Originally published May 2008.
Depending on your city or town, these can range from the “everybody plays” open mics and picking parties, to the more exclusive invited rounds or featured performance opportunities. More often than not, it is generally one instrument, or very basic accompaniment, with simple vocals. It can be a true test of the song, how it plays in front of an audience without the benefit of studio tricks or music business filters. It is also the best way to immediately develop your confidence and contacts with people that might be your ticket to the big leagues somewhere down the road.
As always, if you’re performing, you always need to perform at your peak, as you never know who might be in attendance, and you simply should always strive to be the best performer you can. Your songs deserve it. Here, then, are ten simple things you can do to “up the level of your game” before, during, and after the performance. Remember that there is only one chance to make a first impression.
1. Be prepared.
Know your songs as best as you can. Even when you might mess up, try to remember to finish big. If you are using lyric sheets, which are sometimes necessary when trying those new songs out, make them as inconspicuous as possible. Tilt your music stand where you can see it but it doesn’t block your face from your audience. Anything can be a distraction, so try to minimize that as much as possible.
2. Practice with mirrors.
There is a reason dancers practice with mirrors, so they can observe their technique. You need to see yourself as your audience sees you. Also you should try to video tape your performances. By the way, observe the first word of this: practice!
Make sure people can understand your lyrics.
4. Play with dynamics.
Most performers are hearing the bass, drums, and all the backing instruments in their head. But it is not there when it’s just you and a guitar, so play a little lighter in your verses and more direct and percussive in your choruses.
5. Avoid too many ballads.
I’m not trying to be controversial, but ballads seem to be about 90% of what are performed on writers nights – which makes them the most forgettable because everyone is doing them. The ballad should be the icing on the cake, not the cake. And since so many of these events are “in the round,” which means three to four people each take turns playing one song, don’t follow a ballad with a ballad. Listening to the other people on stage with you and playing something that sounds different than their songs make for a much more entertaining round. This approach can help you find co-writers as well. How well do you play with others?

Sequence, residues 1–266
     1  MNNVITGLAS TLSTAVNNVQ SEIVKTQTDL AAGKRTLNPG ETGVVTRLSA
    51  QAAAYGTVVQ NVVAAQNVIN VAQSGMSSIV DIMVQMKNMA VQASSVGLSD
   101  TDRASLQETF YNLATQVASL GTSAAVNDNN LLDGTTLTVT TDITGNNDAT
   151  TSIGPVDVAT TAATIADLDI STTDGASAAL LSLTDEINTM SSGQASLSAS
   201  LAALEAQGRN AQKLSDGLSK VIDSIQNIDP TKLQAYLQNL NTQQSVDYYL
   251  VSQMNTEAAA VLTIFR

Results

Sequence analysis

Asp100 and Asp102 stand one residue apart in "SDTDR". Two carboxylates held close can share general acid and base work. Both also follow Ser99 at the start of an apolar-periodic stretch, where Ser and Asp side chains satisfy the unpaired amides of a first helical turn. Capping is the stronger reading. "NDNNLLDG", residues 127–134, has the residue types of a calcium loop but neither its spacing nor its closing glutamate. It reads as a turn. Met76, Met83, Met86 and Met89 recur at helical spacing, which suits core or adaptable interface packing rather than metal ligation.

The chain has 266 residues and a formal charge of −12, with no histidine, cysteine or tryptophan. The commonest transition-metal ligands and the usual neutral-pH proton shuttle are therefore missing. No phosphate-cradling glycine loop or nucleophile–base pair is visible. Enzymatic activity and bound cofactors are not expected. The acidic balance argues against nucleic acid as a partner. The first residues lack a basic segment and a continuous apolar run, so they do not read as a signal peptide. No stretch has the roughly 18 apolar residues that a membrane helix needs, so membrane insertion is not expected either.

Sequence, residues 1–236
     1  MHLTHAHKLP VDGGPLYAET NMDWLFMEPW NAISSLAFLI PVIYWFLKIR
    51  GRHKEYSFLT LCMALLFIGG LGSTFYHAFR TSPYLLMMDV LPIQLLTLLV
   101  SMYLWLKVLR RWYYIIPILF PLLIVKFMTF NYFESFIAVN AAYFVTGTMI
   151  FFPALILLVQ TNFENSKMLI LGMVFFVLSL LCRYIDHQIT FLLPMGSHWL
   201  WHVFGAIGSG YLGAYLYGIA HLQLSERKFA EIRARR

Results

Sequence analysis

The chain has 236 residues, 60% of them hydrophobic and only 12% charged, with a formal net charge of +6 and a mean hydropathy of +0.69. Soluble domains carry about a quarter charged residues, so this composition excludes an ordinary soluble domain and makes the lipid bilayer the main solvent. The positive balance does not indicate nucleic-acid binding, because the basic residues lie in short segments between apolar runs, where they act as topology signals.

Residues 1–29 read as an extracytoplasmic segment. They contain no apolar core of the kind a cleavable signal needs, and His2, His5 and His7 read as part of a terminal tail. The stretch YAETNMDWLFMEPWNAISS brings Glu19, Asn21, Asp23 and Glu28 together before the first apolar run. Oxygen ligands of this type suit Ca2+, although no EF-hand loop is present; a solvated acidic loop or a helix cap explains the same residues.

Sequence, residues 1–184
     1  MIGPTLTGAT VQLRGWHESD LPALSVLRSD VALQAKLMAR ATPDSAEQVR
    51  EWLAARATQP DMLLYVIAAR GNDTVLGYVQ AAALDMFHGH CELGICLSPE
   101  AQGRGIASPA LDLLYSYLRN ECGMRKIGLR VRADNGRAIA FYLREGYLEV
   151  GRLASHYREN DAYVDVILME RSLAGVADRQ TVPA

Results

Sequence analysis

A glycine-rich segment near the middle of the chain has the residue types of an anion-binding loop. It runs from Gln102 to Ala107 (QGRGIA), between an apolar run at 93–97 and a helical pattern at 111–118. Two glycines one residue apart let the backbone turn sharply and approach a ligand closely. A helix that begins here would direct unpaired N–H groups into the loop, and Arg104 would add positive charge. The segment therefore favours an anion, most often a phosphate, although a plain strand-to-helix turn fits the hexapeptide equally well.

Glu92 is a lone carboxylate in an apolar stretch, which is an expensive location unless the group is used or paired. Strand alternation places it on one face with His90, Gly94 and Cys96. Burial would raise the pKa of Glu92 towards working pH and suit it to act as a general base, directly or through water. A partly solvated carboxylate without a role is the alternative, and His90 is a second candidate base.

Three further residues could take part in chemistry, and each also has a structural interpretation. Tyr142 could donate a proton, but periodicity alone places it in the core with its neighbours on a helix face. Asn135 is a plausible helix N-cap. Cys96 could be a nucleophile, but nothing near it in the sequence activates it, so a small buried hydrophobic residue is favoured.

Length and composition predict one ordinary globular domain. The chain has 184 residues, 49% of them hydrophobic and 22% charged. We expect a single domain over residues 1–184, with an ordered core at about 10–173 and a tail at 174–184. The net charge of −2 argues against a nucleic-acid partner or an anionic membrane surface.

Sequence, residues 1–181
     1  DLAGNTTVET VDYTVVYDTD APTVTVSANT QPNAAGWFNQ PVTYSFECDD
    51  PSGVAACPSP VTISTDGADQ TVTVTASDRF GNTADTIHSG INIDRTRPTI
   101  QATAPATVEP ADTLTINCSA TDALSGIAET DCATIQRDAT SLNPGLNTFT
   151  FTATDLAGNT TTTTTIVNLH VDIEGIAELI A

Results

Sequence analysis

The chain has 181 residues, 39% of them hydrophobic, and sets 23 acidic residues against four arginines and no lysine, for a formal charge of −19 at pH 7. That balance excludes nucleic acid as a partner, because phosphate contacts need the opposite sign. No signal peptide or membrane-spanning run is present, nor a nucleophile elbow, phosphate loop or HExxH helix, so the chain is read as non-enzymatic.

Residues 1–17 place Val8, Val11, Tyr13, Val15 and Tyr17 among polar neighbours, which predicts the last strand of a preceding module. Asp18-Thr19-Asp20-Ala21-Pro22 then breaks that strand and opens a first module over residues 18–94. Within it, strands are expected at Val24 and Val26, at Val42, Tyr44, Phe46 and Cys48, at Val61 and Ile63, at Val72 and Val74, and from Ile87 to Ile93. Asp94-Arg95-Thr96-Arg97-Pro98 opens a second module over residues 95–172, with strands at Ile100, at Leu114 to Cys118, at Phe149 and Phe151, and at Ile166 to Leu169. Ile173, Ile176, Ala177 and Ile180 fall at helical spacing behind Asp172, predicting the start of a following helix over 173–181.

6. Use humor.
If you have songs with a humorous bent, use them. It gets attention and separates you from the pack.
7. Use various strumming and palming techniques.
You can place your palm on the bridge of your guitar to mute some of the strings and give a little tighter attack. A guitar teacher can show you this.
8. Use a pick!
I know this will drive all you 60’s finger picking, long nailed guys and girls crazy. You have been told your whole life that you need to quietly stroke the strings with your nails and get that romantic sound. Well, that works great in your living room but ends the second you get into a loud noisy bar where most nights are held. If no one can hear you, they tune you out. You need every tool you can, and picks give a percussive effect and simply make it easier to hear your playing and articulations on the guitar.
9. Play often.
Like everything, you get better the more you do it. Play everything you can, and make sure you bring your friends. A club or restaurant are in business to make money, and the more people you bring in to help them keep the doors open, the more you will be able to have a place to play.
10. Have fun.
If you are not doing that, you are wasting your time. A career is not about those big home runs, playing that one song in front of that perfect person and becoming a star. It is about a lot of small, insignificant things that interconnect and tie together when you might not expect it.
Good luck and happy writing.
Marc-Alan Barnette is a songwriter and performer who has made Nashville, TN his home for the past 20 years. Barnette also has a passion for mentoring and coaching writers through the workshops and seminar programs he has participated in all over the US. His songs have been included on albums by John Berry, David Ball, and Shelby Lynn. Learn more at www.marcalanbarnette.com.